Author Topic: Alternatives to Standard Savings Accounts  (Read 1721 times)

ryebread1616

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Alternatives to Standard Savings Accounts
« on: September 25, 2015, 01:08:57 PM »
Hello Mustachians,

My apologies if this question has already been asked before. Did some searching through the forum and couldn't find exactly what I was looking for.

My question centers around better alternatives for saving money than a standard bank savings account. Below if the scenario I am currently in, to give some context.

I have currently reached a point in my life were I really want to start focusing on preparing for early retirement, and becoming financially independent. Being a college graduate in the summer of 2009, I have been conditioned some to be adverse to investing and putting my money anywhere else put the bank. Really my goal since graduation has been to amass enough of an emergency fund, in my standard bank saving account, that I would not have to worry about the possibility of being jobless for a while. At this point I have saved enough were I reached that magic amount of having 6 months worth of expenses saved up. Now I want start looking to may future. I still have some student loans to pay off, which I plan to start running hard at in upcoming months. I am also a big fan of the Mad Fientist, and his ideas around front loading your retirement account(s) (I have a Vanguard 401k through work) at the beginning of the year, and so I am to try and do that as well coming at the beginning of next year.

This leads me to my question around alternatives to my standard bank savings account. At this point I don't plan to add too much more to my emergency fund, and I am wonder what I can do to help my money grow more while it sits, instead of just earning below inflation interest. Ideally I would able to put my emergency fund in an account that is liquid enough, that if something were to happen, I could pretty easily get my money out, and yet still be earning a better interest rate than what I am now.

I have been hearing a lot about Betterment recently, and seems like pretty nice idea. My only major worry centers around the automatic tax loss harvesting they do, and trying to avoid wash sales, since it seems like Betterment just buys Vanguard index funds (same as my current 401k). Wondering if there is a better place to put my money, or if Betterment might be the best bet, and I am just being too paranoid about wash sales.

Any advise or resources would be very much appreciated. Please let me know if you have any questions or if you need any other information at all.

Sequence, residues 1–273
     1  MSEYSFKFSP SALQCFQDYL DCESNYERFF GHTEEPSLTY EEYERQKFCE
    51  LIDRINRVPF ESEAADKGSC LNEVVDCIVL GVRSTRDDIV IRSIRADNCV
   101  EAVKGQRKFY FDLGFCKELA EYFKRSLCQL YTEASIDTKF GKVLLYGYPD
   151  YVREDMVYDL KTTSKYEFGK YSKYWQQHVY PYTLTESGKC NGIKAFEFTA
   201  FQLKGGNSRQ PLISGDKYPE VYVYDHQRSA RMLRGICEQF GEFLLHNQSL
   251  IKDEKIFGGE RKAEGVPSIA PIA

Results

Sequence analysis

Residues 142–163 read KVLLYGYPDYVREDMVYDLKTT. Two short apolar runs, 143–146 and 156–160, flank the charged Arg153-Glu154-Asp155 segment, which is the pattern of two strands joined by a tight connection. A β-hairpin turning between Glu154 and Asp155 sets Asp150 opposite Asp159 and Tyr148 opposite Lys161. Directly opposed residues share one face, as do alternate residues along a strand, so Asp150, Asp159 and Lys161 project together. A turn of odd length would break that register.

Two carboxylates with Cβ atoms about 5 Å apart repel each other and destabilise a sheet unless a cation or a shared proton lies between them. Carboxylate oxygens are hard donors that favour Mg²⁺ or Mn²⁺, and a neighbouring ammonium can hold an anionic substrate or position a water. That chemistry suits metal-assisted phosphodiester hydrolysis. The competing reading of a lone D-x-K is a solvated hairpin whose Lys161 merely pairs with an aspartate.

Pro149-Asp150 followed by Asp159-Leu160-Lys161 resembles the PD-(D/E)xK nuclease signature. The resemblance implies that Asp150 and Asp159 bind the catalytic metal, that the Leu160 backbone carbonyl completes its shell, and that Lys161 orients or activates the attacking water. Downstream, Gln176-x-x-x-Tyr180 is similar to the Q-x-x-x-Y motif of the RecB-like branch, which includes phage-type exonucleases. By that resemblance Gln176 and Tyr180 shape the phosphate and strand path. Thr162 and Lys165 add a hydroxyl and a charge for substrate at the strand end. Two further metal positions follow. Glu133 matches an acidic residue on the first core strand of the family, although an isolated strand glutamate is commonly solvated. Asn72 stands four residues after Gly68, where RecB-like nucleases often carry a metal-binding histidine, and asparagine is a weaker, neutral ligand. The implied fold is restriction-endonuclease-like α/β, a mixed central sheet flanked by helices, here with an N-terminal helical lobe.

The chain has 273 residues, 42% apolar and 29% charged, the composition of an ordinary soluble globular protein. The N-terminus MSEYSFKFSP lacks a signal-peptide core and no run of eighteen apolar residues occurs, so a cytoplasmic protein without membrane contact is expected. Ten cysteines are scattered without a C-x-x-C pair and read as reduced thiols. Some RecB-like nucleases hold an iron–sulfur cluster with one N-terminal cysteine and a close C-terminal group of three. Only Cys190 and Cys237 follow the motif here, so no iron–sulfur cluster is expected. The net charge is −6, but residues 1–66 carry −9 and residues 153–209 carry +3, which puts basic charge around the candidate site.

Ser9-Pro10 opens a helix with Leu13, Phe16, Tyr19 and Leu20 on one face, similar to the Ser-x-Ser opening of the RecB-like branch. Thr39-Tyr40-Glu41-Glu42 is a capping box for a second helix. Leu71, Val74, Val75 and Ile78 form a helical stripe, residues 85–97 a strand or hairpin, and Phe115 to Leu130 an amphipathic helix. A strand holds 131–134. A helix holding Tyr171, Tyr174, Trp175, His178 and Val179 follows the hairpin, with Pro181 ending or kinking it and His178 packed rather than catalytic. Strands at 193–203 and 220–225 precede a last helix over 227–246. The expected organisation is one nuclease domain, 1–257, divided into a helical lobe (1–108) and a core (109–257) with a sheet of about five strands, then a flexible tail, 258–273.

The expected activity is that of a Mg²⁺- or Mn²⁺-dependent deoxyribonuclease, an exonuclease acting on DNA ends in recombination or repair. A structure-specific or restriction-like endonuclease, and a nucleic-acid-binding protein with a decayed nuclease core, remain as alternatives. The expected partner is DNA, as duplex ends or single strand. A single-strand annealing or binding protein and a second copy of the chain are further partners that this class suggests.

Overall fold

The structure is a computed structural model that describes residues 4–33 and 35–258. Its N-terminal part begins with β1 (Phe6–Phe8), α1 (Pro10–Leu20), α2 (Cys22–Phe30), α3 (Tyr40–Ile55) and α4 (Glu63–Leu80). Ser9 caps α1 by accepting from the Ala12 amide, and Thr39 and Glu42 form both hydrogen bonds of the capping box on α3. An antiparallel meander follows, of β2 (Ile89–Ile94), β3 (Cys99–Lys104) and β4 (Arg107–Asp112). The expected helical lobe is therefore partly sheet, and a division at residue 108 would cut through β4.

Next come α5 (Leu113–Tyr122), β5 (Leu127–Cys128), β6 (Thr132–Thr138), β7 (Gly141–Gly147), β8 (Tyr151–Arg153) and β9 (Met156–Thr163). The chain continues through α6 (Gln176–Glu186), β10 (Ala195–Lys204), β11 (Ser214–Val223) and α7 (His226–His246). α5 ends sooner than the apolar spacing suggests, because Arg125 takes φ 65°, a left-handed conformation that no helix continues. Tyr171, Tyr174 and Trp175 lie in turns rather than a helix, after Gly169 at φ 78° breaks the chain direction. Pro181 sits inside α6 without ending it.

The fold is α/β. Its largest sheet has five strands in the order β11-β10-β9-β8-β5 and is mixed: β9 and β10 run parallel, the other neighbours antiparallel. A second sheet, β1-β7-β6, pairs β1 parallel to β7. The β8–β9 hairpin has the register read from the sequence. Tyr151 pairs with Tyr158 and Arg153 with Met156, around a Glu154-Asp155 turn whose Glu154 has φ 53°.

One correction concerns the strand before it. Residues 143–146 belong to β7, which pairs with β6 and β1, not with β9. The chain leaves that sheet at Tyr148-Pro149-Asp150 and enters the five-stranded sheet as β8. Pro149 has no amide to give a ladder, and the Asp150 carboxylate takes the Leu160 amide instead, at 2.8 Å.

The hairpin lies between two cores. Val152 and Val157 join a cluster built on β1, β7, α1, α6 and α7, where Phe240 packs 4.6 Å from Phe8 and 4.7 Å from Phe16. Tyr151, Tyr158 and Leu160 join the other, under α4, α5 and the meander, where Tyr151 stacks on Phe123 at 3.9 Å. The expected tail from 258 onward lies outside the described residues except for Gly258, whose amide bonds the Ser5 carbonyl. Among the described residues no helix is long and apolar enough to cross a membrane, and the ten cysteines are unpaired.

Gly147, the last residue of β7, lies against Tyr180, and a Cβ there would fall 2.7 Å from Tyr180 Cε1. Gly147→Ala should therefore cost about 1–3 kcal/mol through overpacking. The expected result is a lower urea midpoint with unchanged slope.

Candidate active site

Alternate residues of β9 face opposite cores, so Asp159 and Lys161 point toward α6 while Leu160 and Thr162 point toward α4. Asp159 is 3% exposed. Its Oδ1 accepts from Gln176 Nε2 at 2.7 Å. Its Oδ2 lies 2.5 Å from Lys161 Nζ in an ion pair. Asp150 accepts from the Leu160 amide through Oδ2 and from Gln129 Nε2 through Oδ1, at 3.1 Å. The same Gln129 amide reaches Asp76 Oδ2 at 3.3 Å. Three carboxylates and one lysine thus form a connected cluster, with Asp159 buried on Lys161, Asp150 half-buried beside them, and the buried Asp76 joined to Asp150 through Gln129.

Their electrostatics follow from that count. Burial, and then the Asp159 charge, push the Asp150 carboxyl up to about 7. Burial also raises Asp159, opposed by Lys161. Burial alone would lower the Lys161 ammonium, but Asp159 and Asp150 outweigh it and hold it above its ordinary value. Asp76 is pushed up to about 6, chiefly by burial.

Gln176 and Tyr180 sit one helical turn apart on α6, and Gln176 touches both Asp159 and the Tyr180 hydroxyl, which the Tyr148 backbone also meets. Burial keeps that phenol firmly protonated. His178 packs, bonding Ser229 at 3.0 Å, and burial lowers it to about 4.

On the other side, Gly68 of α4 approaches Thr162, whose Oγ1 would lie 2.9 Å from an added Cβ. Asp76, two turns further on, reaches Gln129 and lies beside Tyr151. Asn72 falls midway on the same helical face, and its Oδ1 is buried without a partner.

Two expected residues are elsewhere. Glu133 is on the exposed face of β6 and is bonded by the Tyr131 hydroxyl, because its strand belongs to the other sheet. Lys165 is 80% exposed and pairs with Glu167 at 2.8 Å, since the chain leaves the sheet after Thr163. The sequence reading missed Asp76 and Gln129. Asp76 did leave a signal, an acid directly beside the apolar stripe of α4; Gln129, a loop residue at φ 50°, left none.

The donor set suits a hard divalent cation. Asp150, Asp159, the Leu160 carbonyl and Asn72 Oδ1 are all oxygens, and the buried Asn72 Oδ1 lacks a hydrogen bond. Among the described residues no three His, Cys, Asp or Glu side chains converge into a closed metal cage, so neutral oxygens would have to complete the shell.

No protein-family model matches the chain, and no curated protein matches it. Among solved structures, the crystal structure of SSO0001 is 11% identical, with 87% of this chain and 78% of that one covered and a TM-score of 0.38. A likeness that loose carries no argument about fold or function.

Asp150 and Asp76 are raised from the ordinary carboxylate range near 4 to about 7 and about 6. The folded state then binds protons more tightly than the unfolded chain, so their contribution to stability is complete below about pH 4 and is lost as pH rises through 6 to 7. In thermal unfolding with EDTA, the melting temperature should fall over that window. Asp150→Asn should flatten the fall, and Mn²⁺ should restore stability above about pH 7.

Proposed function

Thanks, 

frugaliknowit

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Re: Alternatives to Standard Savings Accounts
« Reply #1 on: September 25, 2015, 01:17:36 PM »
I use "kasasa" accounts which are basically high yield checking accounts that require you "jump through hoops" (certain number of debit card transactions, e-statements only, maximum balance capped).  It requires careful tracking and is not for everyone.  I earn 3% on one and 2.5% on another.

Here's the link:  https://www.depositaccounts.com/kasasa/

charis

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Re: Alternatives to Standard Savings Accounts
« Reply #2 on: September 25, 2015, 01:33:32 PM »
I have half of my EF in a CD and half in a 1% online savings account.  I am not interested in jumping through hoops for a slightly better return (I can't remember the last time I used my debit card).

MDM

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Re: Alternatives to Standard Savings Accounts
« Reply #3 on: September 25, 2015, 01:36:52 PM »
..what I can do to help my money grow more while it sits, instead of just earning below inflation interest. Ideally I would able to put my emergency fund in an account that is liquid enough, that if something were to happen, I could pretty easily get my money out, and yet still be earning a better interest rate than what I am now.
Other than low dollar teaser offers such as frugaliknowit describes, you must accept the risk of losing money if you seek above-inflation returns.  The more above inflation the expected return, the more likely short term results will be negative.

That is why "emergency funds" are typically kept in low interest accounts e.g., one of these, while "retirement funds" are invested more aggressively.

Lady Fordragon

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Re: Alternatives to Standard Savings Accounts
« Reply #4 on: September 28, 2015, 01:52:43 PM »
My husband and I keep most of our EF in a low fee index fund from Vanguard (we have ~$2300 in savings accounts).  It's definitely a more aggressive option, but it has a better ROI than savings accounts.